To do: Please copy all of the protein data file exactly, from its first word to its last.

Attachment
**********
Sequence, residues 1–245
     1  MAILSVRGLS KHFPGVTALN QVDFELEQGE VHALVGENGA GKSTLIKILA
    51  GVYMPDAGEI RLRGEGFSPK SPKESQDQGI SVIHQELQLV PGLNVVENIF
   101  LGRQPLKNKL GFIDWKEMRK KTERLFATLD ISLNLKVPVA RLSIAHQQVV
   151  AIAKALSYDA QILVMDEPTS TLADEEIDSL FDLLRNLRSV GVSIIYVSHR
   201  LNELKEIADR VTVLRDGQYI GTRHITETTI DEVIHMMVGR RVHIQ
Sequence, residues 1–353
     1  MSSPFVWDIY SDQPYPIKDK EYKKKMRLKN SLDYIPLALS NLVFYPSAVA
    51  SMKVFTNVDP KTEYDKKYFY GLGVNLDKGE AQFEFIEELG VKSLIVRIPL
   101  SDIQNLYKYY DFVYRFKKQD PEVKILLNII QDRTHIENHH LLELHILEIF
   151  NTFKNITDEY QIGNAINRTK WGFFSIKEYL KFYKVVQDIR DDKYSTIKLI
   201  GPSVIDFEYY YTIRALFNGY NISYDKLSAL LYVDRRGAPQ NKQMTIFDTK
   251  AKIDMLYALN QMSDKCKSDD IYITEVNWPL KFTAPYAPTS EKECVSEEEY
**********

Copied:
Sequence, residues 1–245
     1  MAILSVRGLS KHFPGVTALN QVDFELEQGE VHALVGENGA GKSTLIKILA
    51  GVYMPDAGEI RLRGEGFSPK SPKESQDQGI SVIHQELQLV PGLNVVENIF
   101  LGRQPLKNKL GFIDWKEMRK KTERLFATLD ISLNLKVPVA RLSIAHQQVV
   151  AIAKALSYDA QILVMDEPTS TLADEEIDSL FDLLRNLRSV GVSIIYVSHR
   201  LNELKEIADR VTVLRDGQYI GTRHITETTI DEVIHMMVGR RVHIQ
Sequence, residues 1–353
     1  MSSPFVWDIY SDQPYPIKDK EYKKKMRLKN SLDYIPLALS NLVFYPSAVA
    51  SMKVFTNVDP KTEYDKKYFY GLGVNLDKGE AQFEFIEELG VKSLIVRIPL
   101  SDIQNLYKYY DFVYRFKKQD PEVKILLNII QDRTHIENHH LLELHILEIF
   151  NTFKNITDEY QIGNAINRTK WGFFSIKEYL KFYKVVQDIR DDKYSTIKLI
   201  GPSVIDFEYY YTIRALFNGY NISYDKLSAL LYVDRRGAPQ NKQMTIFDTK
   251  AKIDMLYALN QMSDKCKSDD IYITEVNWPL KFTAPYAPTS EKECVSEEEY